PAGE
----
Musings » Handbook of Garden Irises
Martin Hopkinson 1924
It is a tribute to the foresight and knowledge of the club’s founders that they bought seminal works on gardening and horticulture as they appeared. This book is a perfect example. It has been sitting quietly on our shelves since the 1920s. I just happened to pick it up, only to find that Dykes remains a significant name in iris circles even now.
William Rickatson Dykes was the dean of iris scholarship in the early 20th century. He was secretary of the Royal Horticultural Society in London and author of the standard monograph The Genus Iris. In addition he grew many iris and was a skilful hybridizer. The Genus Iris is now a very valuable classic. It had handsome coloured illustrations by William Round. Round adapted his work for this version of Dykes’ work, using black and white line drawing very skillfully.
This book is the third one Dykes wrote, intending to make the topic more accessible to the gardening public. It has become a minor classic in its own right.
The book is organized in a methodical and classical manner, listing the species and subsections of a very large genus. It is very thorough. I was intrigued to see that one species, I. macrosiphon, grows abundantly on Mount Tamalpais in Marin County, California. I live in San Francisco and my children live in Marin County, on the slopes of Mount Tamalpais. If you go to the web site of the Pacific Coast Iris Society, there are delightful photographs of this low growing iris in its native habitat,
Another California species is credited to that remarkable botanist Alice Eastwood. She discovered I. purdyi and named it for the Ukiah plant collector and nurseryman, Carl Purdy. Purdy’s daughter became a teacher and instructor in nature studies in Southern California, carrying on her father’s work.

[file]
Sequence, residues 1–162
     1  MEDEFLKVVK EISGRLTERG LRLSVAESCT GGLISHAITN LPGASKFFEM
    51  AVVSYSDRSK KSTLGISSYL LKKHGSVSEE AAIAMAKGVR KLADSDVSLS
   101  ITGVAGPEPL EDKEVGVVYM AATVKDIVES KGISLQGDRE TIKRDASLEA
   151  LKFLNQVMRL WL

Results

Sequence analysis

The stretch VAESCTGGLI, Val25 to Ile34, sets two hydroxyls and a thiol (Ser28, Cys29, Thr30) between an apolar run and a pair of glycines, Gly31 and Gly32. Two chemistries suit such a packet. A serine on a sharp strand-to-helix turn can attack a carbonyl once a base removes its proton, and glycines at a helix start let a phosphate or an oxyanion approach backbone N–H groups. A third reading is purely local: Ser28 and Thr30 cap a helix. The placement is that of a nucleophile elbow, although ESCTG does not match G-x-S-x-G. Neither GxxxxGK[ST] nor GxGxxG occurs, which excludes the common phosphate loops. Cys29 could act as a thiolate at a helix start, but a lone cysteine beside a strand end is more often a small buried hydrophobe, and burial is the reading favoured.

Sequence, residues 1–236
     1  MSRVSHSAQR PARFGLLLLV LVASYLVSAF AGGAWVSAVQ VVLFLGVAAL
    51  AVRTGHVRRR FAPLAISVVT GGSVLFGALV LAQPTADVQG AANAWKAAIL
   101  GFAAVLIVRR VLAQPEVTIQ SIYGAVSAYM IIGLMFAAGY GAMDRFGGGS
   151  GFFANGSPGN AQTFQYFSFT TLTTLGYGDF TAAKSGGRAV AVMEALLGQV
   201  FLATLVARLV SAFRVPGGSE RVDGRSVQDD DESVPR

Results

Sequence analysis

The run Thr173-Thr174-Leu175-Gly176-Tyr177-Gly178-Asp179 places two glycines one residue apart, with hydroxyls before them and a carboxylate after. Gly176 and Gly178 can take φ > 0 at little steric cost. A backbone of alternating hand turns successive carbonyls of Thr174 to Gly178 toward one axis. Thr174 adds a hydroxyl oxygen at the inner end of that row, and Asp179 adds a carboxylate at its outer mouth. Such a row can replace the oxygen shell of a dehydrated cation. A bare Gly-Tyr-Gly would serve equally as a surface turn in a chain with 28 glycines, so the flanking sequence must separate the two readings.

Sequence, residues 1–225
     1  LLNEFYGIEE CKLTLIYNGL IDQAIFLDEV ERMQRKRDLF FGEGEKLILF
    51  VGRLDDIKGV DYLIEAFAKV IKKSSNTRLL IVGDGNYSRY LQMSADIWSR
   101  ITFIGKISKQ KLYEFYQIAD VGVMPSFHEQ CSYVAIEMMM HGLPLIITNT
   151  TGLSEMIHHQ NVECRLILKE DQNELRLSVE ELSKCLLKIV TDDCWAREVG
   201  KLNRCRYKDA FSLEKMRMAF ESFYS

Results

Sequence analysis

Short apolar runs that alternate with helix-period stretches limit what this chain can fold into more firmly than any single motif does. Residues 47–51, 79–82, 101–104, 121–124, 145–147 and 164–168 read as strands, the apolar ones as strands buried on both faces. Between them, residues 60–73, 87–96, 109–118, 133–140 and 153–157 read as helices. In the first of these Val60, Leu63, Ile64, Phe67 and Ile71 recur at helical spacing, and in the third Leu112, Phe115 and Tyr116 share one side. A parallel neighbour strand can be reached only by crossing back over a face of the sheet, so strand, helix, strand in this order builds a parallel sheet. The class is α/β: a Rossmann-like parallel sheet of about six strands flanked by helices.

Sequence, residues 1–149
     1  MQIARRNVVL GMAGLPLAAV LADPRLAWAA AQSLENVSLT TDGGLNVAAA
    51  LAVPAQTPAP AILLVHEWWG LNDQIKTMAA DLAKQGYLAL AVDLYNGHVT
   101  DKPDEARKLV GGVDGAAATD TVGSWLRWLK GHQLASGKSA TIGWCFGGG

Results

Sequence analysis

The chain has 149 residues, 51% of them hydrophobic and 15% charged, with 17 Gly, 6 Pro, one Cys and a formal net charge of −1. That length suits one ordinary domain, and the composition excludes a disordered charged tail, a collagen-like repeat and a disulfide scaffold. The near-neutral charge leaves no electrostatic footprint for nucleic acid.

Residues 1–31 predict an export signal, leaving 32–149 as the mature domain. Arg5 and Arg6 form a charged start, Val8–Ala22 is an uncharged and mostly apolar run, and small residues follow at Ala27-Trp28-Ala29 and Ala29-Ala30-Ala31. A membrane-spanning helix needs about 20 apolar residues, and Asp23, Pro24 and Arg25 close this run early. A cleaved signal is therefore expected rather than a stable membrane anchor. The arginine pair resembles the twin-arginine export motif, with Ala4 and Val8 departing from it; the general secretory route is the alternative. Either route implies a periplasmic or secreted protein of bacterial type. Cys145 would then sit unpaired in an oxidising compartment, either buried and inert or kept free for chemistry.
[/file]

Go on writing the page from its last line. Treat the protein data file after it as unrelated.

Alice Eastwood was the first woman to be the director of a major American herbarium, at the California Academy of Sciences. She was a heroine of the great 1906 earthquake. Miss Eastwood had anticipated such a catastrophe and was one of the few people with a plan to save this valuable collection.
All during that fateful day she went up and down the staircase at the academy, carrying trays of dried plants, long after she was warned that the building was not safe. In her spare time she hiked through the mountains, collecting native plants not previously seen. Only Lester Rowntree equalled her for diligence and range.
It is a tribute to Dykes’ encyclopedic knowlege that he lists the native iris of California with such care and accuracy. I have not been able to learn much about his life beyond the fact that he died quite young. It is doubtful he visited California in an epoch when travel was much more cumbersome and difficult than it is now.
The current Dykes Medal for the best iris carries enormous prestige and is another indication of his importance in this field. The book remains well worth reading in spite of the fact that current scientific research is turning the old iris classifications upside down. The categories of bearded, non-bearded, arils and etc used to be considered in a fixed evolutionary frame but new DNA studies indicate utterly different relationships.